This annual event was sponsored by the Non-Profit Technology Network and was attended by 1400 non-profit technology, communications, fundraising workers and consultants. The conference included a full-range of sessions on leadership, staffing, media, technology products, communications, fundraising, among others. Representatives from a large number of non-profits and community organizations were there – energy policy, health services, food banks, education services, advocacy groups, disaster relief and services, child and women’s services. Consultants from a number of technology companies were present – web hosting, software development, content management systems (CMS), constituent relations management (CRM), public relations, and fundraising.
I attended sessions on how a non-profit organization can explore social media technology like blogging, CMS systems, video and audio podcasting.
Keynote speakers included Clay Shirky, author of Here Comes Everybody and professor at New York University. He talked about how Internet media can be a site for coordinated action. Many organizations and political campaigns are slow to adopt the new media because they are afraid of losing control of communications. He stated the “loss of control you are afraid of is already in the past.” He advocated for the expanded use of social media to allow people to communicate with each other, not necessarily through the organization’s channels. He encouraged organizations to try a few smaller approaches to new media, not fearing if these fail. He cited several examples of Internet campaigns – both large and small – that have succeeded, for example, a college student group ran a successful Facebook campaign to combat a HBSC bank ripoff, forcing the bank to retract its’ regressive bank fee policy.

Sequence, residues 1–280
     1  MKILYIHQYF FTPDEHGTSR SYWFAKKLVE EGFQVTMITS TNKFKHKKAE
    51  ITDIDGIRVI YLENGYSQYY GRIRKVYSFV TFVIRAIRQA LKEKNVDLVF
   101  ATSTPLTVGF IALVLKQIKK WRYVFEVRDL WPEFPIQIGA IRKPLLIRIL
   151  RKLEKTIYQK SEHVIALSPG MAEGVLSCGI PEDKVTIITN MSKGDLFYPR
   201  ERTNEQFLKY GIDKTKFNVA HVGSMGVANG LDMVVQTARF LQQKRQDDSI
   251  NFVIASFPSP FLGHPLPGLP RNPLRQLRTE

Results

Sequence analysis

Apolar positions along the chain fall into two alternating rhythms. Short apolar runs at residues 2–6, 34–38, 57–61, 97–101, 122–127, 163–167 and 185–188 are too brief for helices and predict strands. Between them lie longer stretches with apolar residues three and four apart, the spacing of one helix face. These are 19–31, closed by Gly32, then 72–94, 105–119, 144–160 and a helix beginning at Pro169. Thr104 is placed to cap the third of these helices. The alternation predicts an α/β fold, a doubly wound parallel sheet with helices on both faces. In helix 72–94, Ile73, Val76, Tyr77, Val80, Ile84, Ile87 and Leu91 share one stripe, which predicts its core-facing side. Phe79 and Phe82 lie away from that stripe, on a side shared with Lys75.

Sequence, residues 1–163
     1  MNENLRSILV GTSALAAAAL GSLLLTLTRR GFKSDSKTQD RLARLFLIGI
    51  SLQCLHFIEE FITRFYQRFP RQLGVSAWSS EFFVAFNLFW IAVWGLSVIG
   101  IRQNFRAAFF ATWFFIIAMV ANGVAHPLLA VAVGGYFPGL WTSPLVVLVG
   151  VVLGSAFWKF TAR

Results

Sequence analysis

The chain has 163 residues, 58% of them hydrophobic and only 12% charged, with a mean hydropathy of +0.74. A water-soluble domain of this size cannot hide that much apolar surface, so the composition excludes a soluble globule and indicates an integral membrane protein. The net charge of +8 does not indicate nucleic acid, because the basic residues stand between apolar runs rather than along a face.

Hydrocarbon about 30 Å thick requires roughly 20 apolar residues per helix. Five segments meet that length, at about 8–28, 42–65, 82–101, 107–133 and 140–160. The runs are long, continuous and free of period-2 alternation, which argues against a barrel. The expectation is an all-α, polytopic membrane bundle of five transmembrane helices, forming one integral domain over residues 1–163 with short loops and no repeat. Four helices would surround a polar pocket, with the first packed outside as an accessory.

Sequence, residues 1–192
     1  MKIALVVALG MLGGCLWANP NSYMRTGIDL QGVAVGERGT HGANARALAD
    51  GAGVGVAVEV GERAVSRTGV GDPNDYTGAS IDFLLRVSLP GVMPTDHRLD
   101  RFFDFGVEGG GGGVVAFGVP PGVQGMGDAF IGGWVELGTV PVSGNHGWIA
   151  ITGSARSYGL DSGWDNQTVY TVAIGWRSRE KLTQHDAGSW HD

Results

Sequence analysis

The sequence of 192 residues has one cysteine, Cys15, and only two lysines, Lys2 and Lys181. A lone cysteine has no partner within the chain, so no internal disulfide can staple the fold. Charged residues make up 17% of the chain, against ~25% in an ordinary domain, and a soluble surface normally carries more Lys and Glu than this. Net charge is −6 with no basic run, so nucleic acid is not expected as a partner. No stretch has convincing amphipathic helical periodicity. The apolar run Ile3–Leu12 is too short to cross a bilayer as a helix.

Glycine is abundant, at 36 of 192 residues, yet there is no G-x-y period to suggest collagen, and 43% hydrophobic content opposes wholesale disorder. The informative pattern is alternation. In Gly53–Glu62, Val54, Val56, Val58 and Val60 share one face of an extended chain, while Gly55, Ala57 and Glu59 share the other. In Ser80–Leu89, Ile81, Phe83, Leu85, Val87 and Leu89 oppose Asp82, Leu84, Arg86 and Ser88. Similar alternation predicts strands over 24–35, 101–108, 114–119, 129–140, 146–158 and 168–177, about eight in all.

Eben Moglen was the other keynote speaker, he is a lawyer with the Software Freedom Law Center. SFLC provides free legal services for open source vendors and organizations, such as Drupal, Joomla, and Plone. He gave an eye-opening talk about how the open sharing of information – for example, software and knowledge – improves and enhances the information. He noted that ownership of information is now a moral question since the easy dissemination could solve the important problems of our day. He is an advocate of using technology and information to help educate people.
For-profit organizations typically do not collaborate with competitors; the goal is to adopt platforms instead of collaboration. Moglen stated we should "unlearn" platforms as these systems prevent sharing, force groups to adopt proprietary information and technology. He urged people to measure development by how it makes life better, not by how much profit.
Moglen is a proponent of open source software, making a claim that open source software will always be better than what the major software vendors, like Microsoft, produce. He claimed that by nature an open source software product will improve over time because of the number of people involved in supporting the product. He is also a critic of Google because of their dependence on advertisements on their web sites. The advertisements gather information from web site visitors, thus compromising privacy and free speech principles.